As an example, the following may be mentioned, in addition to the Bhopal tragedy:
a) More than 35 years ago, on November 25, 1967, dozens of children were poisoned and died in Chiquinquirá, Colombia, when they had breakfast with bread made with wheat flour contaminated with Folidol (paration)
b) 32 years later, in October 1999, 24 children died in Taucamarca, Peru, when they ingested food contaminated with the same organophosphate insecticide, for which a lawsuit is filed in Congress by the families.
c) Deaths caused by Syngenta's paraquat herbicide (Gramoxone, Gramuron, Agroquat, Gramafin, Actinic, Calliquat) in the world are estimated in the thousands. In Costa Rica since 1980 and for two decades it has been reported as the leading cause of poisonings and responsible for a third of the deaths of hundreds of agricultural workers.
At the Fourth Meeting of the Intergovernmental Forum on Chemical Safety held in Bangkok, Thailand, from 1 to 7 November 2003, it was recognized that pesticide poisoning of users and their communities, especially agricultural workers and small farmers, must be avoided from developing countries and countries with economies in transition, for which it was proposed that governments prohibit or restrict the use and availability (including import and / or export, when required) of acutely toxic pesticides (such as such as formulations classified by the WHO as extremely dangerous (class Ia) and highly dangerous (class Ib)) and / or those associated with incidents of intoxication, increasing and severe.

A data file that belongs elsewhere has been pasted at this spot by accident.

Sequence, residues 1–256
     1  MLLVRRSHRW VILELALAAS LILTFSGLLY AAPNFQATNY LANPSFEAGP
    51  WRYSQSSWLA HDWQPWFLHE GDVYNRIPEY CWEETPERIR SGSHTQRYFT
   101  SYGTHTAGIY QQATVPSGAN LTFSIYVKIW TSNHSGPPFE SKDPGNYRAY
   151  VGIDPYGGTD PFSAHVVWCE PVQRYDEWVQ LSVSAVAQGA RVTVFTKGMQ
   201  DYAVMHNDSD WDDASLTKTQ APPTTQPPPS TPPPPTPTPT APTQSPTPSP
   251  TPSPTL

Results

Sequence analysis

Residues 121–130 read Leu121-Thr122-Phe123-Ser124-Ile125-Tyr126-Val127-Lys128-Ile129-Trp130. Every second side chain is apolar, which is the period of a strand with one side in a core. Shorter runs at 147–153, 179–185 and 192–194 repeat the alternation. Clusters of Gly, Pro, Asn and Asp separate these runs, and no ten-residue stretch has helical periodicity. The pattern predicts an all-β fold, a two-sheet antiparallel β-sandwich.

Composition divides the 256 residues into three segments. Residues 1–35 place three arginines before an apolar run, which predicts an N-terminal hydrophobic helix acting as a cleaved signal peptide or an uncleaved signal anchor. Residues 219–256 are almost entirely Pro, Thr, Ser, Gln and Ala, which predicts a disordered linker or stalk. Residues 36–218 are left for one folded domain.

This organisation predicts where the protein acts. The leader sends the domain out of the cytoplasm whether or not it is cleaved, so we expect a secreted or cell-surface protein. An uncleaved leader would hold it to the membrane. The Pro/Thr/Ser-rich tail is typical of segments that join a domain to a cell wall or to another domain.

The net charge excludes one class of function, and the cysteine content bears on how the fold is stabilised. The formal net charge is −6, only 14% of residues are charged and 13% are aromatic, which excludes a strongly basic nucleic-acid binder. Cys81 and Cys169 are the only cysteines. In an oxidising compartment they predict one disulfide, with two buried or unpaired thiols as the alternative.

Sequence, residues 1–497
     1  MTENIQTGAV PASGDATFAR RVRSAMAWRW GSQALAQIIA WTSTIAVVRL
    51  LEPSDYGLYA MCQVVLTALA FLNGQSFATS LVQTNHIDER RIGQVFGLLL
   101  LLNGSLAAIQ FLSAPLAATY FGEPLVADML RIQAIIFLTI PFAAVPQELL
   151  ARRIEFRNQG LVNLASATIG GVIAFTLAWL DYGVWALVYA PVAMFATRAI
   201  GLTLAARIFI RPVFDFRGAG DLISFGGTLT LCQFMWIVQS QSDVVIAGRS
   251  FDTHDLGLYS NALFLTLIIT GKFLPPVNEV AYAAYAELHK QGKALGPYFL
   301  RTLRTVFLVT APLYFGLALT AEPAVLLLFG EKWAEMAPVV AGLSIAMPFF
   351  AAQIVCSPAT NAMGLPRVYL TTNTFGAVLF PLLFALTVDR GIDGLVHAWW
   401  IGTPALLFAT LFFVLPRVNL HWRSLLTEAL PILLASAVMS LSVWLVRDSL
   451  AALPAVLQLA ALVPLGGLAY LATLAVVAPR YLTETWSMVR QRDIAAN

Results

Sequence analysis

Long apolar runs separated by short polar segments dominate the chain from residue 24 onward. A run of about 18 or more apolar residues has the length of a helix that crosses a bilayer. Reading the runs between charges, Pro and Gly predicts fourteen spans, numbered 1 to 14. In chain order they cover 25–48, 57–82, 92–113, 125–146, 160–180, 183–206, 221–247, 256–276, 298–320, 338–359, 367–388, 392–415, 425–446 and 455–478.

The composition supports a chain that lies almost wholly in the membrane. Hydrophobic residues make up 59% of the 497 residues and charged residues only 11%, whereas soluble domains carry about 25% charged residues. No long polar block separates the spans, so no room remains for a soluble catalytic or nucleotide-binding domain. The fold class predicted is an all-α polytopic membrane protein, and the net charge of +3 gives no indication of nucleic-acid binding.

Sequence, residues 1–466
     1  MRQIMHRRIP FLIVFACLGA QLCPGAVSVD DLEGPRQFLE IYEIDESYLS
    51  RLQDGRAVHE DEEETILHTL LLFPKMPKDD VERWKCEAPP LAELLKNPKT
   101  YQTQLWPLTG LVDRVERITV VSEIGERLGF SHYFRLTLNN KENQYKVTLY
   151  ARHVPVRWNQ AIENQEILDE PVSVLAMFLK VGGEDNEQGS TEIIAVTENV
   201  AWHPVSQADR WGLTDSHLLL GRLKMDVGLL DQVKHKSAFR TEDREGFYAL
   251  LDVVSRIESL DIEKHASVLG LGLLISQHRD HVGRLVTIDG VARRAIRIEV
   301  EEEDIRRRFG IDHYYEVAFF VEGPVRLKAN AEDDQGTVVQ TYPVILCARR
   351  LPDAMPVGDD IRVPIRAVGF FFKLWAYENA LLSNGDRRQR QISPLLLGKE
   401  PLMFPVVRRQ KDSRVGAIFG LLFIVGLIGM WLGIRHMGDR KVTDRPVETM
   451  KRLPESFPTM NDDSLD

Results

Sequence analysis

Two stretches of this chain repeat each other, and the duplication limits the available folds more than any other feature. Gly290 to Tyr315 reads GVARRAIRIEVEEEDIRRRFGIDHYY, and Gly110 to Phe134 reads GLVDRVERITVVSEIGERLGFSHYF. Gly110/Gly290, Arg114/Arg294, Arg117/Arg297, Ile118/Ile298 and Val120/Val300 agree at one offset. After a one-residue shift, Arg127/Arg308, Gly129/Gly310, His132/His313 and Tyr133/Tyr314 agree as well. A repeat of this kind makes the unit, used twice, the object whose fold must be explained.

In Entre Ríos, despite the complaints filed, there is no record. In Argentina there is no record.
On the other hand, the large quantity of chemicals used in genetically modified (GM) crops have aggravated environmental pollution in Argentina. There has been an increase in soil pathogens and changes in weed communities, especially the appearance of new varieties with greater tolerance to herbicide (mainly glyphosate), which generates a greater amount of use of the herbicide in question (28 million liters in 1997/98 to 56 million in 1998/99).
The incidence of structural changes in soy-dependence is demonstrated in the development of the crop of legume in the last 25 years. In the 70s, the cultivated area was only 38,000 hectares, in 2004 they exceeded 14 million hectares.